Making the Case for Faith and History of Ideas
Douglas Groothuis (Wadsworth: June 2002), 96 pages.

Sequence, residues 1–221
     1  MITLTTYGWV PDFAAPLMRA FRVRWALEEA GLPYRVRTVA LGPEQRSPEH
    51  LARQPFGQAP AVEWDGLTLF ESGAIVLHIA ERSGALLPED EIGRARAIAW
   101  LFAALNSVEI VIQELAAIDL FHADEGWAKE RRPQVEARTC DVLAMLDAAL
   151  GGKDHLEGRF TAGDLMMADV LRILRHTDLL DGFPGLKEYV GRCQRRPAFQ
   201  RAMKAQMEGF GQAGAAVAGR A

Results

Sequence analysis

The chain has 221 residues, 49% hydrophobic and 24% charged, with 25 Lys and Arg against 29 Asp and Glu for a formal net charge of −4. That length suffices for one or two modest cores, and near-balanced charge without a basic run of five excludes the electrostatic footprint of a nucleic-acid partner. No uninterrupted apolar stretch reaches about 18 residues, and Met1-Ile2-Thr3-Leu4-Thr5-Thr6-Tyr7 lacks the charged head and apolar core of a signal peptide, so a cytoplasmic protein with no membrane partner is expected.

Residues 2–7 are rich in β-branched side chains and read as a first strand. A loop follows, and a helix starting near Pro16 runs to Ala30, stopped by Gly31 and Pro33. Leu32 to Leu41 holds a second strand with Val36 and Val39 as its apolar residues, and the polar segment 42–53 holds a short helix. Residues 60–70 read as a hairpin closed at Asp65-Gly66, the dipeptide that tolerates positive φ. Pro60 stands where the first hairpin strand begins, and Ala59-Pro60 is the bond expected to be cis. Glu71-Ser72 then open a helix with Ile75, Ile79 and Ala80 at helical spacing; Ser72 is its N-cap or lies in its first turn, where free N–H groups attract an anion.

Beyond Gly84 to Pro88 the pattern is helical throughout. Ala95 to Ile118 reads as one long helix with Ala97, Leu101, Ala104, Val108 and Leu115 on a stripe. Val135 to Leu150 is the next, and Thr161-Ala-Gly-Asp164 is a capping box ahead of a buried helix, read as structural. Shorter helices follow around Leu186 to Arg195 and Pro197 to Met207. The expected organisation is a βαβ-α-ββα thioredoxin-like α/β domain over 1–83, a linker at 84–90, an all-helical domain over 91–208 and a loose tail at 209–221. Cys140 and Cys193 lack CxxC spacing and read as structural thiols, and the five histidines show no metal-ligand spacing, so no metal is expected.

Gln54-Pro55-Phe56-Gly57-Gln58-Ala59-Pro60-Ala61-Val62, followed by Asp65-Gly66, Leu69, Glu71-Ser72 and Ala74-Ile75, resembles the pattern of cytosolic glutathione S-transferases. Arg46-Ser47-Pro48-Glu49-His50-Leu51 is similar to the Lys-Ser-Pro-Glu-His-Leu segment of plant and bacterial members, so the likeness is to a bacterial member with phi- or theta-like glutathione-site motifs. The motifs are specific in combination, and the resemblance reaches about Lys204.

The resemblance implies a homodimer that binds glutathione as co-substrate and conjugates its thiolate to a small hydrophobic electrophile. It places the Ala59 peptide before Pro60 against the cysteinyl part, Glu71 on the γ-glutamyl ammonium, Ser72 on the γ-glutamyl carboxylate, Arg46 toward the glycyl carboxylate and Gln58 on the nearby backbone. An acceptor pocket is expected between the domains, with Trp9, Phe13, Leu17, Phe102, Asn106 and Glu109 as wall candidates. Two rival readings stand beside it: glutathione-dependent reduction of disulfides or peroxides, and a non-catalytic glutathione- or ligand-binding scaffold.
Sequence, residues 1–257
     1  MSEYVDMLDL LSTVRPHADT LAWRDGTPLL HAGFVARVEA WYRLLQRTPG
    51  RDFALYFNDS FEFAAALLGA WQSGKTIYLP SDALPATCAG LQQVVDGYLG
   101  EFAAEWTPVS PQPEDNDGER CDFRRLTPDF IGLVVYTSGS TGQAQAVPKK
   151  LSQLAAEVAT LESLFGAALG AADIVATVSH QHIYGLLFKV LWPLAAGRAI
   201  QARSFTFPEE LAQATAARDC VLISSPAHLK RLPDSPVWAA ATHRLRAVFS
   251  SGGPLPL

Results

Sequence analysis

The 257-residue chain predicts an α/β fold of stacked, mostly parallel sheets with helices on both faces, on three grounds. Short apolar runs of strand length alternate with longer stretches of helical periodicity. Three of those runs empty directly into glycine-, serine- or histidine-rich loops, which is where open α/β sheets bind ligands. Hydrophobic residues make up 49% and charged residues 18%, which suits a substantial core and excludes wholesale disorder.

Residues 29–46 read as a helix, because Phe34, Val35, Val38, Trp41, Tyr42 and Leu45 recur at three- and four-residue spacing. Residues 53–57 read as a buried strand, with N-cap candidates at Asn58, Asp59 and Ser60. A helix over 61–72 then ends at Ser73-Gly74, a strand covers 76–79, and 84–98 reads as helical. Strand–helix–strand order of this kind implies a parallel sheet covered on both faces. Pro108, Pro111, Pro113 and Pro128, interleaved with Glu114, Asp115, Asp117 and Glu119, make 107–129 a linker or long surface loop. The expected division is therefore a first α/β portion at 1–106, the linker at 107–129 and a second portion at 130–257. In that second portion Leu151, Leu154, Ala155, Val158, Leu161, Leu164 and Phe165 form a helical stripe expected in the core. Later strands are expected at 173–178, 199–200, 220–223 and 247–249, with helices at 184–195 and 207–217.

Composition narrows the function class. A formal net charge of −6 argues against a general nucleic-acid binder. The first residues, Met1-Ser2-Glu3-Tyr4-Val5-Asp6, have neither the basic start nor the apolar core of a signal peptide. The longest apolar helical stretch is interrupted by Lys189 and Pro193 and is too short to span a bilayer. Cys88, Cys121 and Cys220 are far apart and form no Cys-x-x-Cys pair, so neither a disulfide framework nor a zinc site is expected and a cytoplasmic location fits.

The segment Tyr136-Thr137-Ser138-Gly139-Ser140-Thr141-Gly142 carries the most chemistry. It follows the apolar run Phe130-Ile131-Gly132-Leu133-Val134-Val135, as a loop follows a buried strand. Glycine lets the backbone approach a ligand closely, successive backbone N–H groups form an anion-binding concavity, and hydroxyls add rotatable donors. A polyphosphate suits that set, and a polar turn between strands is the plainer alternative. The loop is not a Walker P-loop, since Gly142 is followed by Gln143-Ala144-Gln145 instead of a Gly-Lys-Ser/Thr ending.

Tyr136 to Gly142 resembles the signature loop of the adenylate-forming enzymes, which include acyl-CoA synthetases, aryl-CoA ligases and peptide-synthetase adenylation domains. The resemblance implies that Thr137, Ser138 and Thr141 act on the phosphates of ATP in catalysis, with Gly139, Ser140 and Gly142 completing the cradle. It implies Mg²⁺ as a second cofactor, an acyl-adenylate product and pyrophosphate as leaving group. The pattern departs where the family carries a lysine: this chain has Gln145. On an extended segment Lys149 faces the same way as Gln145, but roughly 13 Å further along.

Anyone with any mathematical background will have undoubtedly heard of Pascal. His contributions to mathematics are well noted. Groothuis, who is exceptionally familiar with the philosophical work of Pascal, has done an admirable job in a short space of introducing the reader to Pascal the man, mathematician, inventor, and philosopher. The first four chapters lay out the historical background needed to understand Pascal and his work. Chapter 5 introduces the Pensees, the fragments of a grand work that was unfortunately left unfinished by Pascal's early death. Chapter 6 describes the rejection, in the Pensees, of arguing for God's existence from natural theology, the accepted apologetic of the day. Groothuis begins the next chapter by explaining Pascal's apologetic in that he "aimed to spark a philosophical and existential crisis in his readers that would be resolvable only by Christian revelation" (50). Groothuis explores two of Pascal's ideas, "deposed royalty" and his controversial "Wager". Groothuis helps those not familiar with or only passingly familiar with these two topics, as well as the Pensees, to better understand Pascal's thinking and intent. Groothuis' extensive work and expertise on Pascal shines through in this work. Anyone interested in being introduced to the genius of Pascal will find the time they spend reading this book to be well rewarded. ~ John M. Switzer at Amazon.com